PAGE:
"We have no intention to use violence and there is no need for this to end violently," Palmor said. "If they want the aid to get to Gaza, they can send through the regular peaceful channels. I think they understand that seeking confrontation will not do them any good."
Protests erupted in a number of Muslim countries, including Turkey, which unofficially supported the flotilla, Indonesia and Malaysia, where a Palestinian man slashed himself outside the U.S. Embassy.
Prime Minister Recep Tayyip Erdogan, an outspoken critic of Israel, told lawmakers the Israeli raid was an attack "on international law, the conscience of humanity and world peace."
"This bloody massacre by Israel on ships that were taking humanitarian aid to Gaza deserves every kind of curse," he said, demanding that Israel immediately halt its "inhumane" blockade of Gaza.
Turkey's Foreign Ministry said four Turkish citizens were confirmed slain by Israeli commandos and another five also were believed to be Turks. Israeli authorities were still trying to confirm their nationalities.
Thousands of pro-Islamic and nationalist Turks have poured into the streets in Istanbul and Ankara since the report of the Israeli raid. Protesters with Palestinian and Turkish flags shouted "Down with Israel!" outside Israeli diplomatic missions.
Within Israel, the raid sparked intense debate over why the military operation went awry.
Israel sent commandos onto the six ships carrying nearly 700 activists after mission organizers ignored the government's call to bring the cargo to an Israeli port, where it would be inspected and transferred to Gaza. In most cases, the passengers quickly surrendered. But on the largest ship, the Turkish-flagged Mavi Marmara, the forces encountered resistance.
Israeli commandos rappelled on ropes from a helicopter and army videos showed them being attacked by angry activists with metal rods and one soldier being thrown off the ship. Others jumped overboard to escape the angry mob. Israeli authorities said they were attacked by knives, clubs and live fire from two pistols wrested from soldiers. The soldiers then opened fire, killing nine.
Israeli military analysts said it was a mistake to send commandos to board the Marmara and the military could have used nonlethal weapons such as tear gas. They also said the intelligence-gathering was faulty.
Retired Gen. Shlomo Brom asked why the ships' engines weren't sabotaged instead.
"There were certain objectives to this operation. One was not to let the vessels get to Gaza, but the other objective was to do it without any damage to Israel's image," Brom told The Associated Press. "Certainly it failed."
The daily Maariv, in a front-page headline, called the raid a "debacle."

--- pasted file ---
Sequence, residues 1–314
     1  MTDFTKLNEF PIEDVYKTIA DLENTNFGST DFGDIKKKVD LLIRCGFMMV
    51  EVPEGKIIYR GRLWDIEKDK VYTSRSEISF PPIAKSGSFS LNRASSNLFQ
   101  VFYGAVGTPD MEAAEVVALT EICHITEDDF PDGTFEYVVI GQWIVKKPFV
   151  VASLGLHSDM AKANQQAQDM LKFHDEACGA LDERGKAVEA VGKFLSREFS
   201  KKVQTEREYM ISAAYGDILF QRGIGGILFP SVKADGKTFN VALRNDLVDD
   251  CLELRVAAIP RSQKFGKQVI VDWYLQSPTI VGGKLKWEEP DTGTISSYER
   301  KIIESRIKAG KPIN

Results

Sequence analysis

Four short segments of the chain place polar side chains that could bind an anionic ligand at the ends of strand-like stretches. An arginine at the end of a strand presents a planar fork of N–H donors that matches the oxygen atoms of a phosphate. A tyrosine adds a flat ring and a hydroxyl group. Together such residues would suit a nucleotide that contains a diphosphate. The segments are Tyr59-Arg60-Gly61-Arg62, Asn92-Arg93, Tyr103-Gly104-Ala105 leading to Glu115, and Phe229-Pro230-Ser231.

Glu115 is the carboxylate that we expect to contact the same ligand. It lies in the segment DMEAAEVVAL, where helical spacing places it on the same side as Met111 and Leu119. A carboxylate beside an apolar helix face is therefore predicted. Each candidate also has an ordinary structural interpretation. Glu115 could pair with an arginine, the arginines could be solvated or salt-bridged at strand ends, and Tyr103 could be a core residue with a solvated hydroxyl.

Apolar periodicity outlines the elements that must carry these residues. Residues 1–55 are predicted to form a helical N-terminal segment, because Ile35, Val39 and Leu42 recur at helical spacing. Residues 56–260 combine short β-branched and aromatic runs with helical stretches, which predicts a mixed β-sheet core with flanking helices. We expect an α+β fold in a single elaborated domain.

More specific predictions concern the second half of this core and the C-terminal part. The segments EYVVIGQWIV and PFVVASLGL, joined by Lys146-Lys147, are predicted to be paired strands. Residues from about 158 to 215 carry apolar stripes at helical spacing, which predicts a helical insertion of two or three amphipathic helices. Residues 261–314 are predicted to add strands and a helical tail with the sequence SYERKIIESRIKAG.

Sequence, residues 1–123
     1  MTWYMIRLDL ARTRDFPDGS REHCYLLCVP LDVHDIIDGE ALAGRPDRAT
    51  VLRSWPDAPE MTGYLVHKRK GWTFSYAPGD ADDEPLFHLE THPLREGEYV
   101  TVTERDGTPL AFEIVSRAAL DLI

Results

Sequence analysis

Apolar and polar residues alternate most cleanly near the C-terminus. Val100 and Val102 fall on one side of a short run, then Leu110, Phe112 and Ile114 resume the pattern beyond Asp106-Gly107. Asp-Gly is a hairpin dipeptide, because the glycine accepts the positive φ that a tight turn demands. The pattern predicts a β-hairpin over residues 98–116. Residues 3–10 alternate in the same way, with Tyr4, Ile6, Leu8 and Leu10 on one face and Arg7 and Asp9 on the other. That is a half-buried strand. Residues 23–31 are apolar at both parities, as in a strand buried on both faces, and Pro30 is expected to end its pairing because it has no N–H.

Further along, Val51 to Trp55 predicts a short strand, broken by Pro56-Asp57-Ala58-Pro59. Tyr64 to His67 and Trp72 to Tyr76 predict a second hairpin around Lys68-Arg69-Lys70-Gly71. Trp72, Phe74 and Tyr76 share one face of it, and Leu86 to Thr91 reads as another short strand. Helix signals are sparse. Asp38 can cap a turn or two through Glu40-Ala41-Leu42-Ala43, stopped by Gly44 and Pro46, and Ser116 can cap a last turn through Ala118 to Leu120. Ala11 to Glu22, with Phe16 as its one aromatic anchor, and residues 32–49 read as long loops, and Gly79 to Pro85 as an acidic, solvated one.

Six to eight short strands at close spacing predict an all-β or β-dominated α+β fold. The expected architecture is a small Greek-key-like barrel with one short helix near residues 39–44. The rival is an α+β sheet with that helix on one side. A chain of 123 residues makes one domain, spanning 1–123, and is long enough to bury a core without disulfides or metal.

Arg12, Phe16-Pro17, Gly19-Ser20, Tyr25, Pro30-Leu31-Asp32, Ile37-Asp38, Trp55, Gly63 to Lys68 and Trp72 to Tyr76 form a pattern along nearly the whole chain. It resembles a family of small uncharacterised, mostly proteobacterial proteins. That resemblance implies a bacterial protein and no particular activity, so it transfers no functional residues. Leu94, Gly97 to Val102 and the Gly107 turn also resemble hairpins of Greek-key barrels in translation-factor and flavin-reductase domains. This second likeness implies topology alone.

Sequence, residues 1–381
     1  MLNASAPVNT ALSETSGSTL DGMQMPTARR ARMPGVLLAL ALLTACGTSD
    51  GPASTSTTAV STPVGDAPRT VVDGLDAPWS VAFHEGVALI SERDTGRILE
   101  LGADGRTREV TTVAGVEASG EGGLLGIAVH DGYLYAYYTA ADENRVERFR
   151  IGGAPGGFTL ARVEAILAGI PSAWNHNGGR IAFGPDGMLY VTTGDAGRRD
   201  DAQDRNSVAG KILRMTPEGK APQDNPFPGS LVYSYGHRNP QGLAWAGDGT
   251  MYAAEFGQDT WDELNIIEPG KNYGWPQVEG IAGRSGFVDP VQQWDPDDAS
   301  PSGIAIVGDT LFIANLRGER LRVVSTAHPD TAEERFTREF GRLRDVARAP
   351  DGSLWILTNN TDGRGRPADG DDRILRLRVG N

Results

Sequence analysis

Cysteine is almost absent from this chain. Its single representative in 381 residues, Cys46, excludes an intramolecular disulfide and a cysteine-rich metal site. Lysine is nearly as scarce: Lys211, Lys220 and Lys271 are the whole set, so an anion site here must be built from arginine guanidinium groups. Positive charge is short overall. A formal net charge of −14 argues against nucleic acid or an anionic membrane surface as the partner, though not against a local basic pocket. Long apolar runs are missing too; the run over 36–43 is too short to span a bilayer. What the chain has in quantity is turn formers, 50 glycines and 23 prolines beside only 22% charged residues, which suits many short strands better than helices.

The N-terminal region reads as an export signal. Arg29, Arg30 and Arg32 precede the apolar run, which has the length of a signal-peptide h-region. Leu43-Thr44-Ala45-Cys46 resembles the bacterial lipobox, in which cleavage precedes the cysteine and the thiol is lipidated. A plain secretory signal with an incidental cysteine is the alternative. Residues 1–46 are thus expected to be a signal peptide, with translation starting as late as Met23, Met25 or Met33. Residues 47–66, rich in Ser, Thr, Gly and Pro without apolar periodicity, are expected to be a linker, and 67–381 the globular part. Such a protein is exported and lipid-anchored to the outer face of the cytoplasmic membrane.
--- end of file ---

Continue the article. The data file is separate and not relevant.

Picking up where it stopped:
Sabine Haddad, spokeswoman for the Israeli Interior Ministry, said 679 people were arrested and handed deportation orders. By midafternoon Tuesday, some 50 people had left the country voluntarily. But hundreds refused to cooperate and were jailed.
"The rest said they wanted to go to jail and are at Beersheba jail going through a process of deportation," she said. She said judges were hearing the cases and that almost everyone would be expelled within the next few days.
She said more than half of those arrested were from Turkey, with others coming from more than 30 other countries, including Britain, Algeria, Jordan, Kuwait, Germany and the U.S. Israeli police said four Arab Israeli citizens would face criminal charges.
Israel did not allow access to the activists, but a handful who were deported arrived home Tuesday, including a Turkish woman and her 1-year-old son, six Greeks and three German lawmakers.
"There was a massacre on board," said the woman, Nilufer Cetin, whose husband, Ekrem, is the Marmara's engineer and was still in Israeli custody. "The ship turned into a lake of blood."
Norman Paech, a former member of Germany's Left Party who was aboard the Marmara, said he only saw three activists resisting.
"They had no knives, no axes, only sticks that they used to defend themselves," Paech said at a news conference in Berlin after he and four other Germans returned from Tel Aviv. He added, however, that he could "not rule out" that others used weapons somewhere else on the boat.
Turkey said it was sending three ambulance planes to Israel to return 20 Turkish activists injured in the operation and had other aircraft ready to get other activists. About 400 Turks took part in the flotilla.
The flotilla was the ninth attempt by sea to breach the blockade Israel and Egypt imposed after Hamas violently seized the territory. Israel allowed five seaborne aid shipments through but snapped the blockade shut after its 2009 war in Gaza.
There was little call in Israel to end the blockade. Israelis have little sympathy for Gaza, which sent thousands of rockets and mortar rounds crashing into Israel for years before last year's war.
The Israeli-Gaza border was tense following the naval raid.
The Iranian-backed Islamic Jihad said three of its fighters were killed Tuesday shortly after firing rockets into southern Israel. Israeli authorities say the rockets landed in open areas and caused no injuries.
The Israeli military confirmed its airstrike, and Gaza's chief medical examiner also said there were three deaths.
On Tuesday morning, the Israeli military said Gaza militants infiltrated Israel and exchanged fire with troops. Israeli rescue services said two militants were killed, but the military would not immediately confirm that.
The Associated Press contributed to this report.